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Carlo Felice
King of Sardinia
(1765–1831)


Other names: Carlo Felice Giuseppe Maria

Biographical

King of Sardinia 1821–31†
20th Duca di Savoia 1821–31†
Titular King of Cyprus 1821–31†
Titular King of Jerusalem 1821–31†
Titular King of Armenia 1821–31†
Principe di Piemonte 1821–31†
Prince of the Holy Roman Empire
Principe di Oneglia 1821–31†
Principe di Poirino 1821–31†
Principe di Trino 1821–31†
Prince de Montmélian 1821–31†
Principe di Chieri 1821–31†
Principe di Busca 1821–31†
Principe di Bene 1821–31†
Principe di Brà 1821–31†
Principe di Crescentino 1821–31†
Principe di Riva 1821–31†
Principe di Banna 1821–31†
Principe di Dronero 1821–31†
Duca di Aosta 1821–31†
Duc de Genevois courtesy 1795–76; 1821–31†
Duca di Piacenza 1821–31†
Duca di Carignano Ivoy 1821–31†
Duc de Chablais 1821–31†
Duca del Monferrato 1821–31†
Duca di Genova 1821–31†
Marchese di Saluzzo 1821–31†
Marchese in Italia 1821–31†
Marchese di Ivrea 1821–31†
Marchese di Susa, courtesy 1796; 1821–31†
Marchese di Oristano 1821–31†
Marquis de Tarantaise 1821–31†
Marchese di Borgomanero 1821–31†
Marchese di Cureggio 1821–31†
Marchese di Caselle 1821–31†
Marchese di Govone 1821–31†
Marchese di Saluzzola 1821–31†
Marchese di Racconigi 1821–31†
Marchese di Savona1821–31†
Marchese di Cesena 1821–31†
Marchese di Modane 1821–31†
Marquis de Lanslebourg 1821–31†
Marchese di Livorno Ferraris 1821–31†
Marchese di Santhià 1821–31†
Marchese d'Aglié 1821–31†
Marchese di Centallo 1821–31†
Marchese di Demonte 1821–31†
Marchese di Denzana 1821–31†
Marchese di Ceva 1821–31†
Marchese di Maro 1821–31†
Marquis of Pianezza 1821–31†
Marquis of Rivoli 1821–31†
Marchese di Cavallermaggiore 1821–31†
Marchese di Marene 1821–31†
Marchese di Ghenna 1821–31†
Marchese di Villafranca 1821–31†
Comte de Nice 1821–31†
Comte de Romont 1821–31†
Comte de Maurienne 1821–31†
Conte or prince? di Carmagnola courtesy 1785–96; 1821–31†
Conte di Asti 1821–31†
Conte di Tenda 1821–31†
Comte de Genevre 1821–31†
Conte di Goceano 1821–31†
Conte di Alessandria 1821–31†
Conte di Novara 1802–21 abd.
Conte di Villafranca 1821–31†
Conte di Tortona 1821–31†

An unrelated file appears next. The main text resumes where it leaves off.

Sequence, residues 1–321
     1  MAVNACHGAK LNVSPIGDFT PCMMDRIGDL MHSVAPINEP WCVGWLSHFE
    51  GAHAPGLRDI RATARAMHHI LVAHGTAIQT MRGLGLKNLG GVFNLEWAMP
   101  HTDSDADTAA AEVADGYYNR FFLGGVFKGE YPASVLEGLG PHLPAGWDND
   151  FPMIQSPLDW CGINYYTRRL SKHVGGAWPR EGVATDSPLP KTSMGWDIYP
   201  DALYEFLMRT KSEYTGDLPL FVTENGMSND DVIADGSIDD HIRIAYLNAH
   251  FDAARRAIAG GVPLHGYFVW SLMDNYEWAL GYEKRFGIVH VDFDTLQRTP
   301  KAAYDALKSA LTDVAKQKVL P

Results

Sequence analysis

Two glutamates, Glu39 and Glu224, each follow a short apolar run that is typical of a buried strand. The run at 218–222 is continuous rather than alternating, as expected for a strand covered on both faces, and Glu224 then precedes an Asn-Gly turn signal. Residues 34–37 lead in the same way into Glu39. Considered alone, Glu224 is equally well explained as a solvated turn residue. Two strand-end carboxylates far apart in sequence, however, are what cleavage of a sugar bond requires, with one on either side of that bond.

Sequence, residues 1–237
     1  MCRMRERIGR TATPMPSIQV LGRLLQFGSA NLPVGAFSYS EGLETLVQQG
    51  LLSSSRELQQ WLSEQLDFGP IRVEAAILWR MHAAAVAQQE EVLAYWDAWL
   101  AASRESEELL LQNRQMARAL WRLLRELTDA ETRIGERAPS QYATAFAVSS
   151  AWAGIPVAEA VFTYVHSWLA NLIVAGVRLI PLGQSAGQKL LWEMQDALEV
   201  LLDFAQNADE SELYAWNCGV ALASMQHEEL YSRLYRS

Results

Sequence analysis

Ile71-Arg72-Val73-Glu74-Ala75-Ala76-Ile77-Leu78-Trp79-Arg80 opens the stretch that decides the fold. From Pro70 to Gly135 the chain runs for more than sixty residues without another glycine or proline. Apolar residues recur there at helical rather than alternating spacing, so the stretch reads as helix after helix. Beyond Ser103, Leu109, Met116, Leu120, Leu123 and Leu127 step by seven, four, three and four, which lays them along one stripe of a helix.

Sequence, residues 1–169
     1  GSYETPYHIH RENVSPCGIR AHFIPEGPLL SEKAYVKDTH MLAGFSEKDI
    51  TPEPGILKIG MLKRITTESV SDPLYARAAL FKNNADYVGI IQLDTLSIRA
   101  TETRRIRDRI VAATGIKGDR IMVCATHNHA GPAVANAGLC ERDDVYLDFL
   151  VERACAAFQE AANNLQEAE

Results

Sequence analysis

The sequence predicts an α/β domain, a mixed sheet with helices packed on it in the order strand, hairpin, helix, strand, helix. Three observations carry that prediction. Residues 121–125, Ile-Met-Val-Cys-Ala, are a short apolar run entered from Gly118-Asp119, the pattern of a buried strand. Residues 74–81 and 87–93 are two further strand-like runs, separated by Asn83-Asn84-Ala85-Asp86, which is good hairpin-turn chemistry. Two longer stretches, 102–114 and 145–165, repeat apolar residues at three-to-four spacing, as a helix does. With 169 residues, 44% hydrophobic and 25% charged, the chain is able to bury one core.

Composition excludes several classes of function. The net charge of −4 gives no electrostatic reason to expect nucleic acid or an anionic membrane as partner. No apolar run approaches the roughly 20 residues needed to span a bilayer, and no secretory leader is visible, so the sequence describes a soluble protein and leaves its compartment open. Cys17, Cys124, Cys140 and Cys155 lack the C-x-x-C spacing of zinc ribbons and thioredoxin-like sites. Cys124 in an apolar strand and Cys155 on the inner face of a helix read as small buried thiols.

Conte di Bobbio 1821–31†
Conte di Sant'Antioco 1821–31†
Conte di Pollenzo 1821–31†
Conte di Roccabruna 1802–21 abd.
Conte di Tricerro 1821–31†
Conte di Bairo 1821–31†
Conte di Oregno 1821–31†
Conte delle Apertole 1821–31†
Baron de Vaud 1821–31†
Baron de Faucigny 1821–31†
Signore di Pinerolo 1821–31†
Seigneur de Monaco? 1821–31†
Signore di Roccabruna 1821–31†
Consignore di Mentone 1821–31†
Signore di Vercelli 1821–31†
Signore di Lomellina 1821–31†
Signore di Valsesia 11821–31†
Seigneur de Arbin 1821–31†
Seigneur de Francin 1821–31†
Signore di Tegerone 1821–31†
Signore di Migliabruna 1821–31†
Signore di Motturone 1821–31†
Patrician of Venice
Patrician of Ferrara
Knight of the Order of the Holy Annunciation 1780 [ITA]

Viceroy of Sardinia 1796–1802; 1814–21

Along with his brothers, Carlo Felice's education was entrusted to various tutors, but as he was only fourth in line to the throne, he had no real education in state affairs, and this was to become evident when he did become king after the abdication of his elder brother, Vittorio Emanuele I. This can be linked to his belief in divine right of royal authority—he was to rule as an absolute sovereign—and his opposition to change and an intolerance to differing views. Culturally inexperience, Charles Felix was impulsive, suspicious, vindictive and possessed an inflexible temperament, however, he was tormented by nervous crises, and it was said that he was honest and capable of feelings of empathy and kindness—a man of contradictory strengths and weaknesses. Although inclined to live a secluded life, Charles Felix was amenable to marriage, and negotiations for his union with Maria Cristina de Bourbon commenced in 1803, and he was against at Naples of the royal family who received him with pomp. The marriage required papal dispensation due to the couple's close kinship, and in 1807 he left Cagliari for Palermo where the wedding was celebrated. The couple returned to Cagliari and lived their life in rural idleness at the Villa d'Orri.